Police Say Church Vandal Was About to Break Into Tabernacle — Until He Saw the Statue of Mary
The suspect left a gaping hole in the top of the altar and broke open stones that contain relics, the abbey said.
In early January, a man entered a Benedictine monastery in Arkansas and began smashing the altar with a sledgehammer.
He was about to begin breaking open the tabernacle where the consecrated bread is kept, but something stopped him in his tracks: a statue of the Virgin Mary.
Jerrid Farnam, 32, of Sallisaw, Oklahoma, was arrested for the crimes of property damage and theft committed at Subiaco Abbey in Subiaco, Arkansas, and is currently incarcerated awaiting trial.
Sheriff Jason Massey of the Logan County Sheriff’s Office told CNA that when they brought the suspect in he confessed to the crime. But, Farnam told the police, after he looked up and saw a statue of Mary, he couldn’t continue to break open the tabernacle as he had planned to do.
“He decided he just couldn’t do it,” Massey said. “I think he felt it was wrong at that point.”
Subiaco Abbey had reported that on Jan. 5, a man using “a regular hammer and sledgehammer/axe” began destroying the abbey’s marble altar by smashing it in different places. Founded in 1878, Subiaco is home to a community of 39 Benedictine monks.
The suspect left a gaping hole in the top of the altar and broke open stones that contain relics, the abbey said. Two reliquaries — small, brass-colored boxes that each contained three relics of saints from more than 1,500 years ago — were stolen, according to the Logan County Sheriff’s Office.
Father Elijah Owens, the abbot of the monastery, told CNA in January that the relics contained in one of the reliquaries were those of St. Boniface, St. Tiberius, and St. Benedict of Nursia.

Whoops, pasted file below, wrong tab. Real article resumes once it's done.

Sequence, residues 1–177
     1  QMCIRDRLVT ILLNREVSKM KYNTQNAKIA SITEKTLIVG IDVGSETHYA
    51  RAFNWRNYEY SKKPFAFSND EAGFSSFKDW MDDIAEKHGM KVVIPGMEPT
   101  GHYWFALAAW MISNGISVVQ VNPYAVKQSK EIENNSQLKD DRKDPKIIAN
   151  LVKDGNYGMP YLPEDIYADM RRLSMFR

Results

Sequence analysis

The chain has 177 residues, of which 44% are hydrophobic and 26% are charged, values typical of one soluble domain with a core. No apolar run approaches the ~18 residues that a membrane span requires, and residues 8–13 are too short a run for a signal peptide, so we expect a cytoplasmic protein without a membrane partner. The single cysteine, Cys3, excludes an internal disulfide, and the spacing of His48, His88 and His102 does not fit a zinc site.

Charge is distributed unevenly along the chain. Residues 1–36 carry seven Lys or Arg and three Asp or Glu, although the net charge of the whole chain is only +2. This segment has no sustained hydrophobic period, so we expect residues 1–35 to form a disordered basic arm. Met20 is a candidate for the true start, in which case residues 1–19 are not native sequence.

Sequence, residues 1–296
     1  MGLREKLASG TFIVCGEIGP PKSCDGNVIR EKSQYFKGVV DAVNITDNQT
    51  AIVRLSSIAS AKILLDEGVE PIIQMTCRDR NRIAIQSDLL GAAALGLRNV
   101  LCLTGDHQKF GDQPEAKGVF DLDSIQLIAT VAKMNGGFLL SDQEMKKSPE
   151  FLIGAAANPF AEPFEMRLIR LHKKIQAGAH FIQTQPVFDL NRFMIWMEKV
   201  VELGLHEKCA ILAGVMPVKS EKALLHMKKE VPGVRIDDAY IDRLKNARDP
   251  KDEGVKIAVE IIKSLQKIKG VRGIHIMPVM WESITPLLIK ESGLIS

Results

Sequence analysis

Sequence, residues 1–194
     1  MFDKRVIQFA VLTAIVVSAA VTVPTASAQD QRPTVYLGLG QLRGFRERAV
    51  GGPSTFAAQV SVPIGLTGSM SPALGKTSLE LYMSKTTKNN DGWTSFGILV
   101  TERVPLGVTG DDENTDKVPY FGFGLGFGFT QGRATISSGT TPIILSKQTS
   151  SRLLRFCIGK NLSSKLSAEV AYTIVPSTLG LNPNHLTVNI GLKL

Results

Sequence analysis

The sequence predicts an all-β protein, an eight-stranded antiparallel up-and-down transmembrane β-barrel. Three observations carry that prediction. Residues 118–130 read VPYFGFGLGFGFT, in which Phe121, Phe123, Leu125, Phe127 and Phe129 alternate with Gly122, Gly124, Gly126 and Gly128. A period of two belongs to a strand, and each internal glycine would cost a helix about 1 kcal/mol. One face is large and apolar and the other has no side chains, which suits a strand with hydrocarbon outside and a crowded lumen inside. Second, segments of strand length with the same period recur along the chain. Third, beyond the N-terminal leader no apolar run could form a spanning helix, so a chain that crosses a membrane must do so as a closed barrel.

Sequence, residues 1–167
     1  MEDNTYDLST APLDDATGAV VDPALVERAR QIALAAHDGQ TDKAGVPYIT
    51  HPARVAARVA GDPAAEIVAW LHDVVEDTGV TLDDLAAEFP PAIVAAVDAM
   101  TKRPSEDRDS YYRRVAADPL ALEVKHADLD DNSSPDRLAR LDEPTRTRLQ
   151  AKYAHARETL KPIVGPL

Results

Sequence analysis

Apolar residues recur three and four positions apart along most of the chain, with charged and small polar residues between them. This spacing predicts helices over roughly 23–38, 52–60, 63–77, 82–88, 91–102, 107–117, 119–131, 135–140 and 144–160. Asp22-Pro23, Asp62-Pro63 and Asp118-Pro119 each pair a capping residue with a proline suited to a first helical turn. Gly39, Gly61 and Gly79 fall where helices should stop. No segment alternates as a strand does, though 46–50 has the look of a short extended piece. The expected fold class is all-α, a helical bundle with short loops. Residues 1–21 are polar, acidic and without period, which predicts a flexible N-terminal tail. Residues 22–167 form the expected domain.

The other reliquary contained the relics of St. Tiberius, St. Marcellus, and St. Justina, Father Owens said.
The abbey said in its press release that the man approached the tabernacle and removed a cross located on top as well as the tabernacle’s veil before being “interrupted.”
Farnam was arrested the same day and three of the relics were found in his truck.
At the time, the reliquary containing the relics of St. Tiberius, St. Marcellus, and St. Justina was still missing. The sheriff’s office later discovered them in a trash can in Farnam’s father’s house.
Farnam gave the reliquary to his father, who, unaware of the nature of the objects, threw the contents of the container in the trash, while keeping the container for himself, the sheriff said.
“Luckily there was no food or anything on them. They were found in great condition,” he added.
Massey said that one of the seven offenses Farnam was charged with was theft of property, a Class B felony, which is the highest classification of a felony in the state, he said.
“You can’t put a price on those relics. They’re 1,500 years old,” he said.
Farnam thought that Jesus’ bones were in the altar and that God was telling him to remove the bones, Massey told CNA. He added that Farnam has a history of substance abuse and was intoxicated during his arrest.
The abbey is under repairs, and a portable altar will now be used until repairs are made, according to the abbey’s press release.
- anti-catholic vandalism